One and Done – The Bat #1

Rick Shanklin and Mark Wheatley – Writers
Neil Vokes – Artist
Damon Willis – Inker
Kathryn Mayer – Letters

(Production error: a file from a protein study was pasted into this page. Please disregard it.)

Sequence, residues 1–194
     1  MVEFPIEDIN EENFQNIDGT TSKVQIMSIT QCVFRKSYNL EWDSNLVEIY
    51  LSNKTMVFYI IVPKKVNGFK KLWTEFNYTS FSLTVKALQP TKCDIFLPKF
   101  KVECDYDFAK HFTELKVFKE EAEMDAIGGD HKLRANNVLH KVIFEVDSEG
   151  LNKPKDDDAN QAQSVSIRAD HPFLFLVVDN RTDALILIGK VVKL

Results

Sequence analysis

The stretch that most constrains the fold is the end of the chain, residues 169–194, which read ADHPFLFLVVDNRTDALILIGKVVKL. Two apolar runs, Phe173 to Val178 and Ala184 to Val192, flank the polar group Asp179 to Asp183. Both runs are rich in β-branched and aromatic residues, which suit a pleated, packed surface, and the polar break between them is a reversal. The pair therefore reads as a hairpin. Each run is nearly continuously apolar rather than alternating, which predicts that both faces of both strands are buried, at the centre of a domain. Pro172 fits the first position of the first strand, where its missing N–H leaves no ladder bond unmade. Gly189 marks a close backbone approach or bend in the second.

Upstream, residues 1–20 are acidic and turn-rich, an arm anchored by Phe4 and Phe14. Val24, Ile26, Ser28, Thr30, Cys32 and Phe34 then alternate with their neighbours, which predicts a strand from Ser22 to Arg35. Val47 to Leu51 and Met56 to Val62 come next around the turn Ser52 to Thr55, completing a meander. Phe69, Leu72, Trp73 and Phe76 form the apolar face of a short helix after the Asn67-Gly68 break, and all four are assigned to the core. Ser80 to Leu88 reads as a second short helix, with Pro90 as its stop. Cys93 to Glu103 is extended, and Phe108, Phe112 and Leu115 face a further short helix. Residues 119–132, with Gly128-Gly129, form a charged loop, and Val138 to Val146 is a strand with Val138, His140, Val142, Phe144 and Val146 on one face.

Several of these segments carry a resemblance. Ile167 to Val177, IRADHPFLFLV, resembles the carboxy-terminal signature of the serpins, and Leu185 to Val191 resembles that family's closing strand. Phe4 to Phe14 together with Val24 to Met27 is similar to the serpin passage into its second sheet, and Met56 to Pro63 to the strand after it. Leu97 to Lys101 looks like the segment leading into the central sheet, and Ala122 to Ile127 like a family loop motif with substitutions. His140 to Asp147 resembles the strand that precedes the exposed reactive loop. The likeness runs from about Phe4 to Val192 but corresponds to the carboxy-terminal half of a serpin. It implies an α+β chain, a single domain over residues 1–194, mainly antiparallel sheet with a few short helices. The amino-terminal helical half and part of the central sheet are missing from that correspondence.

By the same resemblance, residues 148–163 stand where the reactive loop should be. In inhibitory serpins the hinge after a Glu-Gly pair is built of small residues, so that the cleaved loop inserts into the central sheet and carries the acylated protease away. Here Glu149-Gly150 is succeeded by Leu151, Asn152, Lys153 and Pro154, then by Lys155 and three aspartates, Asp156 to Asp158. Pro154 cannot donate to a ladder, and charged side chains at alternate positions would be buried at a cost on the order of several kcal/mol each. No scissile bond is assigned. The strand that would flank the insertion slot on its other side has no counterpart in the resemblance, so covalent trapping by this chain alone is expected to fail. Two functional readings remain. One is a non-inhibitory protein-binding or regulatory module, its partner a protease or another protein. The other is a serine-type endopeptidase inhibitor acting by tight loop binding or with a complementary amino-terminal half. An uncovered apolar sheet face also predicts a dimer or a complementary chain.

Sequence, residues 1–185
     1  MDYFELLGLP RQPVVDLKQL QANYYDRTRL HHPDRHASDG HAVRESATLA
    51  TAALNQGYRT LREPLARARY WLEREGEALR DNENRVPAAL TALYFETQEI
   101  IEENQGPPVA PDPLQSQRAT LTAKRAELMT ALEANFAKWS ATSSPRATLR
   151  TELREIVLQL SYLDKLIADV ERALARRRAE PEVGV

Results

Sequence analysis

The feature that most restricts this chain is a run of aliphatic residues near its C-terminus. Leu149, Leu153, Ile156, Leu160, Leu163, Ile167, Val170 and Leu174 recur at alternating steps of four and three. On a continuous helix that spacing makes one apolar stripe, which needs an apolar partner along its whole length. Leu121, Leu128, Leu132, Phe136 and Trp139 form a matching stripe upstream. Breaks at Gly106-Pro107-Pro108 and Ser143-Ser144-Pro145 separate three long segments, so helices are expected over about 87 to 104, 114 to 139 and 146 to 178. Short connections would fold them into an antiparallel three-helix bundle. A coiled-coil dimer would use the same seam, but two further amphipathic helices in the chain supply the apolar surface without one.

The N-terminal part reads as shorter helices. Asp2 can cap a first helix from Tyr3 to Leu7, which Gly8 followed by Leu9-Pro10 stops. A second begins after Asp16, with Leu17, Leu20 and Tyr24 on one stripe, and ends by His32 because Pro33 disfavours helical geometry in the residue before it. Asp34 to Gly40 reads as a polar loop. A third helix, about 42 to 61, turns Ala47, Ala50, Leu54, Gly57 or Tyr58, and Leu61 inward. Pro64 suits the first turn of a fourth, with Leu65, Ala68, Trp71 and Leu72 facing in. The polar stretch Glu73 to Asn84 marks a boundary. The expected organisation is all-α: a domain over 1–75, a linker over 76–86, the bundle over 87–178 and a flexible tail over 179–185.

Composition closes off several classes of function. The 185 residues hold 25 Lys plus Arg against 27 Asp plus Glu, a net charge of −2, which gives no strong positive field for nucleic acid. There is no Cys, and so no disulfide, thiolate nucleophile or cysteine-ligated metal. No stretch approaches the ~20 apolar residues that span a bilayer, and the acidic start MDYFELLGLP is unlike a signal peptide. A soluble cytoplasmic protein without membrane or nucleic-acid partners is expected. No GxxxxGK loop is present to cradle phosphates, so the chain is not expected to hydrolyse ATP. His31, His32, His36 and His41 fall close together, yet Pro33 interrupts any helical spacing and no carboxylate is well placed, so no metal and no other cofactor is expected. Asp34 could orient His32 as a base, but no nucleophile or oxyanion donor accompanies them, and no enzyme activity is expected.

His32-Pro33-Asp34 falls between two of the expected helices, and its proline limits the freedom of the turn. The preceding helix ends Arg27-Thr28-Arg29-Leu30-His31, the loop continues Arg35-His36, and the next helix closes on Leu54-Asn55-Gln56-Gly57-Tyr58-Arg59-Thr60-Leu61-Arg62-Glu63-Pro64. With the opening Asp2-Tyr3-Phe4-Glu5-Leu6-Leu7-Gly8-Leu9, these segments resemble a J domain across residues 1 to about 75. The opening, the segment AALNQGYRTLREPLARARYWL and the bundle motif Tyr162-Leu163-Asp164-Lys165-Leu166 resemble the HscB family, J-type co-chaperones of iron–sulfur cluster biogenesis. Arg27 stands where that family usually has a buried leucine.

Published in 1990 by Apple Press, this book almost feels like a precursor to Batman and it even features a scene in an alley where a young boy sees his parents murdered in front of him. This time around though, it is a man named Wesley Sharp who has heard the gunshots and who runs into the alley thinking he can help. While he cannot do as such, it does strike a cord deep within him, one that makes him want to take on the criminals in the city and protect the innocent. After a little soul-searching, Sharp does just that in the costume of a bat while taking the animal’s name for himself. Though his first mission does not go according to plan, he learns a valuable lesson and not soon after, he is doling out justice on a regular basis, much to the dismay of the woman he loves. Gwynn thinks he is getting in over his head, that the violence he doles out is becoming far too much, far too brutal, especially when it comes to him killing those he faces. Still, he assures her that he and The Bat are separate entities and that one has nothing to do with the other. Rick Shanklin and Mark Wheatley write a solid, self-contained story that could continue into another series had they wished to all those years ago. Everything one needs to know about The Bat’s origin, his motives and so forth are all laid out. One sees where the man gets his powers from, the addition of a sidekick who also has similar powers and their quest to find the man who if The Bat had a nemesis, would be it. Neil Vokes brings it all to life, his pencils enhanced by Damon Willis and it looks quite good, conveying what it needs to without being overly flashy. As things get more intense, as the action ramps up and the danger becomes more and more a facet of everyday life, the creators of this story bring it all to a head as The Bat meets not only the villain he had been seeking for so long, he also meets his maker. The book does not end there though as he soon comes back to life but no longer is he Wesley Sharp, but some supernatural being akin to the creature that gave him his powers. Nothing can harm him now and it disturbs the woman who accompanies him on his missions, a woman who is none other than Gwynn, Wesley unaware all these years. As Wheatley and Shanklin bring it all to a conclusion, they do so on tragedy and self-sacrifice along with the possibility of a future, one that would never come to pass. A solid little book that ended up being a good read from start to finish.

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